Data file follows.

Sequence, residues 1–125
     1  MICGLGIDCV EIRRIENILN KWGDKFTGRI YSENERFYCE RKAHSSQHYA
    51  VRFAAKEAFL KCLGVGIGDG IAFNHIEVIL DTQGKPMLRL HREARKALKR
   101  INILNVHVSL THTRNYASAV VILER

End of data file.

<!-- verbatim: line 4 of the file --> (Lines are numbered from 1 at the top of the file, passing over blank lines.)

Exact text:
   101  INILNVHVSL THTRNYASAV VILER